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  1. #1
    Ed Bliss's Avatar
    Ed Bliss Guest

    Default Combustion Air and M1703.2.1

    Yesterday I observed two 8x16 ducts supplying combustion air from outdoors for appliances totaling 402,000 BTUs. My question is that since these ducts run horizontally for about three feet before becoming vertical, should the 1/2000 for the horizontal or the 1/4000 for the vertical be used to calculate the proper sizing?

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  2. #2
    James Duffin's Avatar
    James Duffin Guest

    Default Re: Combustion Air and M1703.2.1

    I would go with the 1/2000 or the 1/3000 that is allowed with the one permanent opening method. (G304.6.2 One-permanent-opening method)



  3. #3
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    Default Re: Combustion Air and M1703.2.1

    Quote Originally Posted by Ed Bliss View Post
    My question is that since these ducts run horizontally for about three feet before becoming vertical, should the 1/2000 for the horizontal or the 1/4000 for the vertical be used to calculate the proper sizing?
    First, if you were to use one of them, the most restrictive would apply as that is the basic premise for conflicting code requirements/allowances.

    However, ... there is no section which 'allows for' combining horizontal and vertical ducts in one duct run, thus *neither* can really be applied.

    Jerry Peck, Construction / Litigation Consultant
    Construction Litigation Consultants, LLC ( www.ConstructionLitigationConsultants.com )
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  4. #4
    David Bell's Avatar
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    Default Re: Combustion Air and M1703.2.1

    Any change in direction of combustion air ducting would fall under 304.8 Engineered installations, or 304.9 mechanical combustion air supply. These are from IFGC. Engineered systems must be approved, mechanical systems require .35 cubic feet per minute per 1000 BTH/h of outdoor air.


  5. #5
    James Duffin's Avatar
    James Duffin Guest

    Default Re: Combustion Air and M1703.2.1

    It looks like the fuel gas code says the duct can be either vertical or horizontal with no mention of a change of direction being a problem. This is the code I use for combustion air.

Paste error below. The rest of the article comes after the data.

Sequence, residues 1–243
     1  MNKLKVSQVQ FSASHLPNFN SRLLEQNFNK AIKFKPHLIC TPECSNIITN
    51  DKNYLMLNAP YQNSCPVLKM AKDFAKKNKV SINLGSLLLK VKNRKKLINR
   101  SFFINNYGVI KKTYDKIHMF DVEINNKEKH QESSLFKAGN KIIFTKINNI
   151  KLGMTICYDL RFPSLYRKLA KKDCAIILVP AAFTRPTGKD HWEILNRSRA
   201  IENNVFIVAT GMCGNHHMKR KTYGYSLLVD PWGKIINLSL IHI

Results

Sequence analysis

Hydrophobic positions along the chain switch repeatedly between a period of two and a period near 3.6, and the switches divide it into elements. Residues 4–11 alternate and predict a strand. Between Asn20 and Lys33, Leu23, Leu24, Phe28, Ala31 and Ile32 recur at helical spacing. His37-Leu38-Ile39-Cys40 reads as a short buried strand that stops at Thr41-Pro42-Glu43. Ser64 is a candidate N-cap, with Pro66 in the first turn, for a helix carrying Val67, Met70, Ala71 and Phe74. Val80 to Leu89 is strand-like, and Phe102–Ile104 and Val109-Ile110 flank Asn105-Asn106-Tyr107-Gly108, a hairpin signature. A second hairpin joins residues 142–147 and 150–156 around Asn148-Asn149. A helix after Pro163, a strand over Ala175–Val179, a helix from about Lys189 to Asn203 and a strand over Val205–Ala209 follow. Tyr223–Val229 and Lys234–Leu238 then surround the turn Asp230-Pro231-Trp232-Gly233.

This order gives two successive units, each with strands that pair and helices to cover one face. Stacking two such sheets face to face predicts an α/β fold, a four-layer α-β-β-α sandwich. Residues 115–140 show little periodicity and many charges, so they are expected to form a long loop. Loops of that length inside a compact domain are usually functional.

G304.6.2 One-permanent-opening method.
    One permanent
    opening, commencing within 12 inches (305 mm) of
    the top of the enclosure, shall be provided. The appliance
    shall have clearances of at least 1 inch (25 mm) from the
    sides and back and 6 inches (152 mm) from the front of the
    appliance. The opening shall directly communicate with the
    outdoors or through a vertical or horizontal duct to the outdoors,
    or spaces that freely communicate with the outdoors
    (see Figure 304.6.2) and shall have a minimum free area of 1
    square inch per 3,000 Btu/h (734 mm2/kW) ofthe total input
    rating of all appliances located in the enclosure and not less

    than the sum ofthe areas of all vent connectors in the space.



  6. #6
    David Bell's Avatar
    David Bell Guest

    Default Re: Combustion Air and M1703.2.1

    The opening shall directly communicate with the
    outdoors or through a vertical or horizontal duct


    One or the other,,not both

    From GE website,
    If air is supplied from outdoors, directly
    or through vertical ducts, there must be
    two openings located as specified above
    and each must have a minimum net free
    area of not less than one square inch per
    4000 Btuh of the total input rating of
    all the appliances in the enclosure.
    If horizontal ducts are used to
    communicate with the outdoors, each
    opening must have a minimum net free
    area of not less than one square inch per
    2000 Btuh of the total input rating of all
    the appliances in the enclosure. If ducts
    are used, the minimum dimensions of
    rectangular air ducts shall not be
    less than
    oth

    Last edited by David Bell; 04-03-2010 at 06:33 PM.